I've never met a person who has worked in more Houston restaurants than Goro & Gun sous chef Matt Wommack. Uchi, Down House, Revival Market, Rainbow Lodge, Felix 55, Cinq, the list goes on and on. He's an accomplished veteran with a lot of experience that is getting put to good use at his new post. Being a member of a restaurant's opening crew is always challenging. Setting up equipment, building a menu, developing the flow of the kitchen, choosing purveyors, there is always a ton of work to be done in a short amount of time. Though it is his first time as part of the management team, Goro and Gun marks Matt's fourth spot on an opening crew having been involved with the debut of Uchi, Revival Market, and Felix 55.
You have worked everywhere it seems like, are there any standout spots, favorites?
Obviously Revival Market was awesome, I was the morning guy. We did everything in the morning, from soup of the day to butchery to tacos. I'd have to say Cullen's is where I first started to have a lot of fun. We were doing a lot of covers and we put some good stuff out of that kitchen. Unfortunately the market kind of fell off over there. I also liked a lot of the stuff we were doing at Rainbow Lodge.
Matt came on to the Rainbow Lodge right at the end of my stint there, it was my first kitchen job and chef Mark Schmidt was coming in to fill the void left by Randy Rucker's departure. It just goes to show how small the food industry community can be in this city, almost five years later and we're in the same kitchen.
Do you feel like working at Uchi helped prepare you for opening Goro and Gun?
To some degree yes, I'm glad I was there. I worked with some really cool people, formed some good relationships and as a result one of my cooks came from there. It was a positive experience for sure.
Was it intimidating at all, opening this place and never having served ramen before?
A little bit yeah, but I've always been a sink or swim kind of guy. I mean, I know how to cook, I can figure it out. If something doesn't work I'll fix it. Dave (Exec chef David Coffman) and I get along fine. We think the same way. Sometimes, its weird, we'll both have the same idea at the same time.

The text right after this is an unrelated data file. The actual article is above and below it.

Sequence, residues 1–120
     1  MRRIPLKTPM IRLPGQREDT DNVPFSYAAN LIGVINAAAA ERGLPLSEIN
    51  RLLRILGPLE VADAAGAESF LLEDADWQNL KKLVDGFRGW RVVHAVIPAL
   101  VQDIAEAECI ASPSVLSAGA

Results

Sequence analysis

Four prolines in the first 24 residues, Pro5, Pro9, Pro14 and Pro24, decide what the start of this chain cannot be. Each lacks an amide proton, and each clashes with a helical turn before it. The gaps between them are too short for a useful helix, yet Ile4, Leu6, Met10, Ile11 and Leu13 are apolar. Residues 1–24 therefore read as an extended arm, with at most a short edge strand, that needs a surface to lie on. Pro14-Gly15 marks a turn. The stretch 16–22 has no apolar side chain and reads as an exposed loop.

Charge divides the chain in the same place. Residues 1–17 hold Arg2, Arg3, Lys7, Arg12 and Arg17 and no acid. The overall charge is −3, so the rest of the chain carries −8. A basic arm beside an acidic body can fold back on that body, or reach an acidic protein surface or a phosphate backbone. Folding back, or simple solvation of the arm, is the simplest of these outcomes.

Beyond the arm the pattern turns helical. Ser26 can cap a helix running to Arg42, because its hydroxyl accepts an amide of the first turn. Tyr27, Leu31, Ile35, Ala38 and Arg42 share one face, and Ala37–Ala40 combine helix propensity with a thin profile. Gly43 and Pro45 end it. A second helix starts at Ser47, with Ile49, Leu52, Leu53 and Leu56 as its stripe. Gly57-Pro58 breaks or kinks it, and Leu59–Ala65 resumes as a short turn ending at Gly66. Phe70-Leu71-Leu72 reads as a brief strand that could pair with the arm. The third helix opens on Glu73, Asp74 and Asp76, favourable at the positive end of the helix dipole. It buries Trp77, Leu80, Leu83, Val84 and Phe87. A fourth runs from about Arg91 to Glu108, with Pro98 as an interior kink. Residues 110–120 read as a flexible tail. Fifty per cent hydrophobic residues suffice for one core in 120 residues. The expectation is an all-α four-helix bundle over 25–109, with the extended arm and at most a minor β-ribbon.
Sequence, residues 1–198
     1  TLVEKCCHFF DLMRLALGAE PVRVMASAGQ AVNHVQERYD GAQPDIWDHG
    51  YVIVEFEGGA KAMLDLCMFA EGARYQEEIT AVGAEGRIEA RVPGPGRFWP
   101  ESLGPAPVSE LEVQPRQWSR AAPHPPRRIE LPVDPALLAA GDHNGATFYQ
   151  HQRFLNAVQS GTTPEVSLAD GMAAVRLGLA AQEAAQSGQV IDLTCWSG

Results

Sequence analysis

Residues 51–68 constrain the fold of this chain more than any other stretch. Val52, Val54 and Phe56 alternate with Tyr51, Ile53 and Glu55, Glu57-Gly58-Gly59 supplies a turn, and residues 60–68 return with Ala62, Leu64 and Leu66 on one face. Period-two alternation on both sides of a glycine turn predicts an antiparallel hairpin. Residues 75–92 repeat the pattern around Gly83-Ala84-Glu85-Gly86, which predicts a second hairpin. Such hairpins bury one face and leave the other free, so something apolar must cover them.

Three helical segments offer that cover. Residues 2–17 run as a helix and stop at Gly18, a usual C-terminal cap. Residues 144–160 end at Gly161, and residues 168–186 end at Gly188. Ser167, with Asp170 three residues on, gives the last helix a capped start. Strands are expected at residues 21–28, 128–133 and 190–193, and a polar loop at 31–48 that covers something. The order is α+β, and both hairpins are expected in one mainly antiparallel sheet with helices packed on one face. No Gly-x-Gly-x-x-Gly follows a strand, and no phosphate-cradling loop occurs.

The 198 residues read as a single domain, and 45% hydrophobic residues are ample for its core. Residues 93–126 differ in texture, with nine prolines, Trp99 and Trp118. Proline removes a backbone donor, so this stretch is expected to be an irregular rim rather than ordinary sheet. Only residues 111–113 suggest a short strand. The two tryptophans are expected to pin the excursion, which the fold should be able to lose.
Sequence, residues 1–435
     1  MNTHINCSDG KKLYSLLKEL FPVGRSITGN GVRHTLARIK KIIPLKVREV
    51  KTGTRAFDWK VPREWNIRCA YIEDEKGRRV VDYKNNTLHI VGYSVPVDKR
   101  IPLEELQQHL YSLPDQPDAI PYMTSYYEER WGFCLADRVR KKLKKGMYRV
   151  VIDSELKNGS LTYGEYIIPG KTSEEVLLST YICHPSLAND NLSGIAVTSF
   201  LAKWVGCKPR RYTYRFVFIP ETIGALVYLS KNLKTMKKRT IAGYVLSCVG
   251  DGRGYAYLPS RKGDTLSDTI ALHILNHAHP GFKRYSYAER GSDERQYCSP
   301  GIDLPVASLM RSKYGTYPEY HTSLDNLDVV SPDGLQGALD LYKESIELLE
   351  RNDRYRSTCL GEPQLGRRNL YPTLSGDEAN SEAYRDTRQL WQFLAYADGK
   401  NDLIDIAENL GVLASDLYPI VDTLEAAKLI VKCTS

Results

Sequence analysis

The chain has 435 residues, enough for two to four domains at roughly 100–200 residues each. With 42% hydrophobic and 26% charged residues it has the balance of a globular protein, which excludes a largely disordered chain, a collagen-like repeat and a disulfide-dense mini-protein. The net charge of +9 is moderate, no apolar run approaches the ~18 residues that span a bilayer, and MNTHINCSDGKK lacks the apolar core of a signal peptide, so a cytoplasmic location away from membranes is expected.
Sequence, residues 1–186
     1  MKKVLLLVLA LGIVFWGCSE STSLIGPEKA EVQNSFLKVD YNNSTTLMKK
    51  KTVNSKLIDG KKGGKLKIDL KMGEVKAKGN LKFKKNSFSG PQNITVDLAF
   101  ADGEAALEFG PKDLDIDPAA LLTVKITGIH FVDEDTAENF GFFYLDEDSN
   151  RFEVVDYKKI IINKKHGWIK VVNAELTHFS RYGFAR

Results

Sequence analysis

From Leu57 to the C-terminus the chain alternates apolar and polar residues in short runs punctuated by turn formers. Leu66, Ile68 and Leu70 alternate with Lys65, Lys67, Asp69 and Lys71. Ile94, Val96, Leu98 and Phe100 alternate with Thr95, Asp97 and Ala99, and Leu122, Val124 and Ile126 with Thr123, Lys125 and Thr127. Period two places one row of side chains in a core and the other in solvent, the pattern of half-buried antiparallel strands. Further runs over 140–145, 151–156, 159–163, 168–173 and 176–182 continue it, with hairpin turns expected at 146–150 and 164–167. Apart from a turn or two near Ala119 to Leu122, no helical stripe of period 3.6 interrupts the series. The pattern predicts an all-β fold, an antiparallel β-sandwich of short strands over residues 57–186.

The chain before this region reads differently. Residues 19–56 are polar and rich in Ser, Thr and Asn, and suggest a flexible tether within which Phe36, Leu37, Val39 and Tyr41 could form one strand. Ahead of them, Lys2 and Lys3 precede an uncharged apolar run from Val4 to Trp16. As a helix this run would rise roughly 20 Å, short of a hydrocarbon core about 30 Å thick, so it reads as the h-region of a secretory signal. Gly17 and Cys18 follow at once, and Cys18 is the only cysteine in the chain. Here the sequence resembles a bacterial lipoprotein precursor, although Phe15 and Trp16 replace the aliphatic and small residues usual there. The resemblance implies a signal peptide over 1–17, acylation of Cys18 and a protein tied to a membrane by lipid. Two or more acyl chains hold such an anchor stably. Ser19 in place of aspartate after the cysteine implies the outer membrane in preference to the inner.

Has the opening been pretty stressful?
At first you know, it was pretty stressful. That first trial weekend we did, I literally stood in one spot and cooked noodles for eight hours straight. I mean, there were, like, seventy five people pushing the door down when we opened, so from the beginning we were about an hour behind. Plus there's the hours, I come in at ten and leave around midnight on weekdays, closer to three on the weekends.
There were some pretty mixed reviews coming off that first weekend, do you think they were fair?
I'm sure some of it was fair, I mean the problems mostly had to do with the equipment set up we had. There just wasn't enough fire power to deal with the volume we had. We had no idea what the volume was going to be like either; that's why we did that trial run, so we could access ourselves and make any adjustments that we needed to.
How are things running now?
Well, last Friday we got pretty close to the level of covers we did that first weekend. But now we've got the crew trained up, they're more familiar with everything, we've got the new equipment (a wok station with two burners, each putting out a massive 16,000 BTUs), better systems in place, so it's smooth you know? We're still tweaking, we're still perfecting things, it's a constant process. We're rolling out the new wing dish (Pok Pok Wings); we're working on a couple of new ramen dishes, so I'm excited, there's a lot more to come.